Help when it’s needed most
The Kaipara Harbour tragedy shocked the nation – but none more so than the New Zealand Pacific communities whose members made up all but one of the victims.
Four Tongans, two Cook Islanders and a Samoan were among eight men killed when the charter vessel Francie sank on Saturday 26 November. Two Tongans and one Cook Islander survived.
As well as engaging with grieving families, it was clear Waitemata District staff needed to address wider Pacific communities.
“We recognised it wouldn’t be a mainstream response and that we’d need officers with special cultural and language skills,” says Inspector Willi Fanene, District Manager Community, Ethnic and Youth.
|Top left: The pre-Christmas gifts bring a smile to youngsters’ faces; bottom left: Liaison officers meet with Inspectors Willi Fanene and Mark Fergus; right: a screen grab of one of the social media videos.
On Sunday 27 November, Maori Pacific and Ethnic Services (MPES) and other Police staff of Pacific descent were called into liaison roles.
Willi, along with two Senior Sergeants, three Sergeants and five Constables from Tongan, Samoan and Cook Island backgrounds – all fluent speakers of their Pacific languages - were later joined by two more Tongan speakers.
The Sergeants and Constables formed family liaison teams, overseen by Senior Sergeants George Fanamanu and Joe Aumua. Police social media videos addressed the communities in their own languages.
It was decided a senior Pacific officer should front media alongside the Operation Commander, Rodney Area Commander Inspector Mark Fergus. Willi stepped up, specifically to discuss the liaison role.
The liaison officers gave families regular updates and help with identification of loved ones, ACC claims, recovered property and funeral arrangements. They supported them through the inquiry process, helping them prepare for interviews. This greatly helped the investigators.
Other support flowed from community, government agencies, NGOs and businesses. Victim Support and Pacific community services engaged with families, VS also providing money to tide them over the holiday period.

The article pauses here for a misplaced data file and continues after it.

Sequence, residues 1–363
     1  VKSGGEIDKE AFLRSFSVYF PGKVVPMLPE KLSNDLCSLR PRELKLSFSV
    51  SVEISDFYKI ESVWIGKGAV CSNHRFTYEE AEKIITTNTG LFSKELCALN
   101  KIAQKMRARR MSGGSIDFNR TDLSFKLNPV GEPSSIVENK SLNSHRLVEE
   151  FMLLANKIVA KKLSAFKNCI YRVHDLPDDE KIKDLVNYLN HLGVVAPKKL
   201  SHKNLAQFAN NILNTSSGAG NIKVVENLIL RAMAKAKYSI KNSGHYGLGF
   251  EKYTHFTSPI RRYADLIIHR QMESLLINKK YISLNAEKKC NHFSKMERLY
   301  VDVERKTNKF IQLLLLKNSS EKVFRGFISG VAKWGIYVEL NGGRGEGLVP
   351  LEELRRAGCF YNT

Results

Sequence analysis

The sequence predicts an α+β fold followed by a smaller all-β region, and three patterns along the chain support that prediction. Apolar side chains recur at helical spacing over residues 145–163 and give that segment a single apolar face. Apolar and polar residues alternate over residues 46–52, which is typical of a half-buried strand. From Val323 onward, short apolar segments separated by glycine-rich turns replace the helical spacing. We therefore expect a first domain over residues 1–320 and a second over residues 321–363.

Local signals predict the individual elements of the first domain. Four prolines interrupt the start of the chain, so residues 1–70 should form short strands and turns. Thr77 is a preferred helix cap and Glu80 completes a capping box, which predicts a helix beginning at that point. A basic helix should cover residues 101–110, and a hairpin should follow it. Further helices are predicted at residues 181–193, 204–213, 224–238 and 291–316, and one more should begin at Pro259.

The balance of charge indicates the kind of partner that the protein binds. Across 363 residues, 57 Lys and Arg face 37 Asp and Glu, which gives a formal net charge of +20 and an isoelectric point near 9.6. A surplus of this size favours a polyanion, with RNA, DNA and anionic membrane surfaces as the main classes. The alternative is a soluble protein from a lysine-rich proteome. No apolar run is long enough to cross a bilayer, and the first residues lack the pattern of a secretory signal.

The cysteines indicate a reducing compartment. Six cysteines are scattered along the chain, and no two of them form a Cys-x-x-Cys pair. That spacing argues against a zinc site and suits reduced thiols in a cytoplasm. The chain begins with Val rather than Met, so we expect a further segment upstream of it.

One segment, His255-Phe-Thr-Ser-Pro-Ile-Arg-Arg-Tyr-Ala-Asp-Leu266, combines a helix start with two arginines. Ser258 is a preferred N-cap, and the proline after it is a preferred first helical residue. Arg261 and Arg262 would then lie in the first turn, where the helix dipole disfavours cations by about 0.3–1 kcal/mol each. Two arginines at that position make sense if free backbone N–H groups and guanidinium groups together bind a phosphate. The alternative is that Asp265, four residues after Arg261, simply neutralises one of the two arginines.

Police helped access discounted Air New Zealand fares for families travelling to and from the islands; the grieving families of Francie skipper William McNatty and another of the victims helped the other families financially.
Locals in Helensville and Parakai collected gifts for the families. When Police liaison officers delivered them before Christmas they needed a truck, provided free by a local firm.
Willi says families were overwhelmed by the support. Feedback from the worst-affected Tongan community was particularly positive.
“Over the past 15 years, MPES has worked tirelessly with our communities to build Police’s capacity and capability in language and cultural knowledge,” says Willi. “These efforts are bearing fruit and Operation Kaipara is an example of this.”
Mark says the cultural input eased the progress of a sensitive and complex operation.
“We can’t bring people back but we try to offer families as much comfort and support as we can,” he says. “This was a unique way to do it.
“It was about understanding particular cultural concerns. Police has officers with that degree of understanding and it was quite mind-blowing to see how much work our people put into it.”
He paid tribute to all Police staff involved in Operation Kaipara, and those from the other emergency services and partners such as Westpac Helicopter, Coastguard, St John Ambulance and Surf Lifesaving Northern Region.
Police are also working with iwi to arrange a blessing of the site this month. “Everyone has come together,” says Mark.
The victims were: Auerua Aria, 59, Fred Marsters, 58, Alipate Manumia, 33, Tevita Tangi, 31, Fonua Taufa, 42, Sunia Ungounga, 43, Taulagi Afamasaga, 56, and William McNatty, 68.